PSAT

For SAT & ACT info, visit the SAT & ACT page under College Planning…

August – Prepare!

Students received PSAT Practice booklets to begin preparing for the PSAT.  Practice tools are also available at http://www.collegeboard.com/student/testing/psat/prep.html.

October/November – Juniors Take the PSAT/NMSQT

All PSAT/NMSQT’s are given nationwide in October or November of each year (for 2016, the test date is Nov. 2).  This is the last practice test prior to taking the “real” SATs, and test-takers are eligible to qualify for a National Merit Scholarship.  Testing begins promptly at 8:00 a.m. and ends roughly at 11:20 a.m.
Testing tips to remember:
  • Get a good night’s rest.
  • Eat breakfast.
  • Bring a calculator with you for the math section. The math questions can be answered without a calculator, but if you want one, bring the one you are comfortable using.  Calculators can be the scientific or graphing kind you use at school for your normal math classes; they cannot make sounds or have a keyboard.
The cafeteria staff will provide some simple snacks/drinks free of charge at break time, but students may bring their own.  Students will be allowed a restroom break but will not be allowed to leave the Upper School hall during break.
From the College Board website (www.collegeboard.org):
The lowest possible score on each section of the PSAT/NMSQT is a 160; the highest is an 760. For more information about test scores and college readiness benchmarks, visit www.collegeboard.org.
Food and beverages, including bottled water, are prohibited from the test room, unless approved for medical reasons.  All handheld electronic devices (cell phones, MP3 players, pagers, etc.) must be turned off. If any vibration or sound of any kind comes from a device, the student’s test is declared null and void.

January – Set up College Board accounts & review scores

Because the end of the quarter and exams are coming up in the middle of December, the counselor will meet with 10th and 11th grades for a class period as soon as school starts back after Christmas break. During this class, she will show students how to set up their College Board accounts and use their scores to help prepare for future college entrance exams (the SAT or ACT ).  Students will receive their hard copies of the PSAT/NMSQT score sheets at this time. Students are encouraged to give the counselor their College Board logins/passwords in case they misplace or forget them later…  Students will need this info when they register for the “real” SATs.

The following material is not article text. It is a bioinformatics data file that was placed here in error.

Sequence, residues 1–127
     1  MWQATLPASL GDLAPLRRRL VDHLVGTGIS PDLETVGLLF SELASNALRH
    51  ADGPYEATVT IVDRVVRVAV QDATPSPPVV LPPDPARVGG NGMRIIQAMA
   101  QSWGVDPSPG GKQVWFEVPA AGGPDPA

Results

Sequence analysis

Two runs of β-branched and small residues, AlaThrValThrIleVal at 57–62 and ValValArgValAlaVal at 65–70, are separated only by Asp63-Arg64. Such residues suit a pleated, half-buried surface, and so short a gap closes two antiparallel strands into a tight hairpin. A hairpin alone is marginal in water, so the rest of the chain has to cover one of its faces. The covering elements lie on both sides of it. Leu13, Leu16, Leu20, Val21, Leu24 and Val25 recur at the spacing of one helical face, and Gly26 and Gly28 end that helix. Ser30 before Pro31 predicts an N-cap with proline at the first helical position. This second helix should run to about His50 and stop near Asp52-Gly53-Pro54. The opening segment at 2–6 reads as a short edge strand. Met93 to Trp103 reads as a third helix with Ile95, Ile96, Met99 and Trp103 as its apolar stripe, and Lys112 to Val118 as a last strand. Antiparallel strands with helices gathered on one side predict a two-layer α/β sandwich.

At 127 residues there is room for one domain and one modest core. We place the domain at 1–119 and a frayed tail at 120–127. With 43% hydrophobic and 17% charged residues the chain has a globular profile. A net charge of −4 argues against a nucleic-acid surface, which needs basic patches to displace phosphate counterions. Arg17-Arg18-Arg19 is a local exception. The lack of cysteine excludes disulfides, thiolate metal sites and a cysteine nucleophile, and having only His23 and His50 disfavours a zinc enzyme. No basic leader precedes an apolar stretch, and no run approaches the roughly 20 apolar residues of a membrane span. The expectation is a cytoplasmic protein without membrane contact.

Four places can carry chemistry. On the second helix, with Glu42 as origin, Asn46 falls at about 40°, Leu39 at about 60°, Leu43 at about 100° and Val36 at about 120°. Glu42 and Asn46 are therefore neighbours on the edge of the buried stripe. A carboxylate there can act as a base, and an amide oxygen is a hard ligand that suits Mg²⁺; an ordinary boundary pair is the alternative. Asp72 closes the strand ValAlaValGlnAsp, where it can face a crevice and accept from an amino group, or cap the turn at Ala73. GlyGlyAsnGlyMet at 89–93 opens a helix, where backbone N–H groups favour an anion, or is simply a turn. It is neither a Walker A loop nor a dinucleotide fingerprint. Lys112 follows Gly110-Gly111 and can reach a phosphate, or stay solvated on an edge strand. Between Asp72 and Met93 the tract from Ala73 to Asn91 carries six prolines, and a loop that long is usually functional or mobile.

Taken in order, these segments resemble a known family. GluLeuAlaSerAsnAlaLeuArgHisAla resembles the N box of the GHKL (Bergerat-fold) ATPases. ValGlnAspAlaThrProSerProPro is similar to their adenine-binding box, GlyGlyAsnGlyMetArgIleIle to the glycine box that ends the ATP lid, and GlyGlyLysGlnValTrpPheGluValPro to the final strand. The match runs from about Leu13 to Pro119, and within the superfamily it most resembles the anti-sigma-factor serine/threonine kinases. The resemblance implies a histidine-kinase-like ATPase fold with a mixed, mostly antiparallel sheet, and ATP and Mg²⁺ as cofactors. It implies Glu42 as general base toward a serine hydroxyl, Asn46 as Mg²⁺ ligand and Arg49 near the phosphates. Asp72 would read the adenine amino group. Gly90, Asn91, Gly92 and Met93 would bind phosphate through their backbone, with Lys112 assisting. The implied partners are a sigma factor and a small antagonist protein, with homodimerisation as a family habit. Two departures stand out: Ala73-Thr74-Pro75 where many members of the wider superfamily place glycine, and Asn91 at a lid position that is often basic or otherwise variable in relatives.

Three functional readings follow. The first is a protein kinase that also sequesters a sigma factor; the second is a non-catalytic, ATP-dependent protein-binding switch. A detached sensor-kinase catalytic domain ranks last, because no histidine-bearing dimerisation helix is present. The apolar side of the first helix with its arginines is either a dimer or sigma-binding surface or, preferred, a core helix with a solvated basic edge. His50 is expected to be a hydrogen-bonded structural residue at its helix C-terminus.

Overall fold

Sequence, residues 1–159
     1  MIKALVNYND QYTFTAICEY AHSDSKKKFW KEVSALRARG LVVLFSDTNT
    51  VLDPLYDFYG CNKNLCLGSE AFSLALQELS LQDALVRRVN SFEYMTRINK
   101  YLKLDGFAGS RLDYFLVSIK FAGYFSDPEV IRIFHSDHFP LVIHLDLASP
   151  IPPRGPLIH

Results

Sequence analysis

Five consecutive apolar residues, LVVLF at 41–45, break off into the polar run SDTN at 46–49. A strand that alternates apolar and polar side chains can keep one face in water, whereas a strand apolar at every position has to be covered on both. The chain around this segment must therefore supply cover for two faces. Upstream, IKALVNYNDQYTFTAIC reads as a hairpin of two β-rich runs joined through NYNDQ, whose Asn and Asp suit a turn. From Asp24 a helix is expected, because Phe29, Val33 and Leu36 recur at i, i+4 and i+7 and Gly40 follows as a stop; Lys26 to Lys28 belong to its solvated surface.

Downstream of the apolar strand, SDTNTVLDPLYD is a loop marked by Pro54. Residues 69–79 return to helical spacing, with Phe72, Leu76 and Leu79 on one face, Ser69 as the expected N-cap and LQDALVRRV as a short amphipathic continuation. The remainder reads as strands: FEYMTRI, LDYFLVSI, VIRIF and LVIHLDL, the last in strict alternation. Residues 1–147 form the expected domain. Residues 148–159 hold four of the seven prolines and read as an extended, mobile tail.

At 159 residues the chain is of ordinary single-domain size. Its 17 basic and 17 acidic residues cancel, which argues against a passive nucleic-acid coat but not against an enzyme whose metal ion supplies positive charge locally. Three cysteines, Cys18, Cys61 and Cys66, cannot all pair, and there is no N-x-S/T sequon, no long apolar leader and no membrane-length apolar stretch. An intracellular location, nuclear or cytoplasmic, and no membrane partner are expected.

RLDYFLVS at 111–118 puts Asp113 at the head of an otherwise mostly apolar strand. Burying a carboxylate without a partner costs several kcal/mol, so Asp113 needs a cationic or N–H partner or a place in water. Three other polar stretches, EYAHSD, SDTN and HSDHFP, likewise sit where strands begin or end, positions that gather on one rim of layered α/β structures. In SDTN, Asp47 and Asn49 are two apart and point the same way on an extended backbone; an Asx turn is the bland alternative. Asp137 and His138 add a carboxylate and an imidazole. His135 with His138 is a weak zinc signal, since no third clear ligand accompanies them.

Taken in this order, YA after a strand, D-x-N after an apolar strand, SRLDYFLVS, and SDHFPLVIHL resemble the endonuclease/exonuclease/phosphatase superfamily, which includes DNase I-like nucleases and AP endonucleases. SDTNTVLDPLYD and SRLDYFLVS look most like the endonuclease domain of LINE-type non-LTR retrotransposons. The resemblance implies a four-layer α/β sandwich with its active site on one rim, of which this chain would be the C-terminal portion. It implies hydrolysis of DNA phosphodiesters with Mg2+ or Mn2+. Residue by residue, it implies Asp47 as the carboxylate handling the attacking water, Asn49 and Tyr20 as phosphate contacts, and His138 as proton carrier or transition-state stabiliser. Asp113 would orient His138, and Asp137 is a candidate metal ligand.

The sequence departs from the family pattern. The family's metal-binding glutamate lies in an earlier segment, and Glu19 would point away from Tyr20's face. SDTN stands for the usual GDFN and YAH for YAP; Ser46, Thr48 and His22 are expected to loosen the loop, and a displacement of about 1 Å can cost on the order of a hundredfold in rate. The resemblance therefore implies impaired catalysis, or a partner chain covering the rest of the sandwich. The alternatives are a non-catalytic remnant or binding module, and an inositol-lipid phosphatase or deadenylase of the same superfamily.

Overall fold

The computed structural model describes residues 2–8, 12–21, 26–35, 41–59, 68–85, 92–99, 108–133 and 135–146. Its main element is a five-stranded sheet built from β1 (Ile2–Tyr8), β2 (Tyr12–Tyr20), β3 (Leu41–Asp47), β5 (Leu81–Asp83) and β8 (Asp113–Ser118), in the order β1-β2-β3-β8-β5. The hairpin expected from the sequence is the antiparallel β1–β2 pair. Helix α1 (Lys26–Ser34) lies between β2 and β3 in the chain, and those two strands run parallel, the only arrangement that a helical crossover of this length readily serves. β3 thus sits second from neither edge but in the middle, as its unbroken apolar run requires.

**NOTE** Last year scores were released later in the year but are supposed to be on schedule for the 2016-17 year.

February – Sophomores Take PSAT-10’s

All PSAT-10’s are given nationwide in the late winter of each school year (for 2017, the test date is Feb. 23).  This test is geared toward students who have completed a little more than their 10th grade coursework. Testing begins promptly at 8:00 a.m. and ends roughly at 11:20 a.m.  Scores will be distributed and explained to students as soon as they are released to the school. Last year this didn’t happen until May, but in 2016-17 it should be an earlier release!

A note from Mrs. Choplin:
Remember, this was a “P” SAT – meaning it’s practice to show you how this kind of test operates. Colleges do not receive PSAT scores. They are only for you to help you!  Although college admissions do not rely solely on test scores (lots of other factors, too), but they do play a part, so the students who take the experience from the PSAT and learn from it, taking time to use the practice materials provided by College Board (and me!), will do better and score higher on the SAT later on.  Question yourself – how many of you actually looked at the practice guide for the PSAT that I sent home with you in August?  Do you think preparing for it might have helped your score? Just think about that for future tests.

More info from the College Board website about PSAT/NMSQT scores:

PSAT/NMSQT scores are reported on a scale of 160 to 760 in each of two sections. In 2015, the benchmarks for college readiness (the ability to do college-level work successfully in the freshman year of college) were –

  • Evidence-Based Reading and Writing: 460
  • Math: 510

Also listed on your score report is the Selection Index, which is used to determine eligibility in National Merit Scholarship Corporation programs (NMSC). Note: Only students in eleventh grade are eligible to enter NMSC scholarship programs.

Finally, score reports include national percentiles, which allow you to compare your scores with other students in your grade level who have taken the PSAT/NMSQT. If you take the PSAT/NMSQT in the eleventh grade, you receive junior percentiles. If you take the PSAT-10 in tenth grade, you will receive sophomore percentiles. For example, a student in eleventh grade with a percentile of 55 has earned a score better than 55 percent of all eleventh graders. Another way to understand percentiles is to imagine 100 students lined up from the lowest (or 1st) percentile at the end of the line to the highest (or 99th) percentile at the front of the line. If you are at the 55th percentile, you would be the 56th person in line, ahead of 55 people in the line and behind 44. Go to Score Report Plus for more information about your score report.

The recommended testing cycle is to take the SAT in the spring of your junior year and again early in the fall of your senior year. You can test as many times as you wish (each test costs a little more than $50).